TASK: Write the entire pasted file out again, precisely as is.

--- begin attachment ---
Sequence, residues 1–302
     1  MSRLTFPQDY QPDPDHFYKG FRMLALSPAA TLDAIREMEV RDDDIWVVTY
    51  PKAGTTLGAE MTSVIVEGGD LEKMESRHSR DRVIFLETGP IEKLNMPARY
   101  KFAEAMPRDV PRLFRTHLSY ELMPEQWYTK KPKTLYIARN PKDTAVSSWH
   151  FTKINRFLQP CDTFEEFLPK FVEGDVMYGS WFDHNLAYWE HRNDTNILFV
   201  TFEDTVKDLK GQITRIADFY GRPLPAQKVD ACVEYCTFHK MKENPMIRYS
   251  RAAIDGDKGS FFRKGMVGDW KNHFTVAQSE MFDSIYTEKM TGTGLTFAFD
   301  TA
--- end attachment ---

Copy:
Sequence, residues 1–302
     1  MSRLTFPQDY QPDPDHFYKG FRMLALSPAA TLDAIREMEV RDDDIWVVTY
    51  PKAGTTLGAE MTSVIVEGGD LEKMESRHSR DRVIFLETGP IEKLNMPARY
   101  KFAEAMPRDV PRLFRTHLSY ELMPEQWYTK KPKTLYIARN PKDTAVSSWH
   151  FTKINRFLQP CDTFEEFLPK FVEGDVMYGS WFDHNLAYWE HRNDTNILFV
   201  TFEDTVKDLK GQITRIADFY GRPLPAQKVD ACVEYCTFHK MKENPMIRYS
   251  RAAIDGDKGS FFRKGMVGDW KNHFTVAQSE MFDSIYTEKM TGTGLTFAFD
   301  TA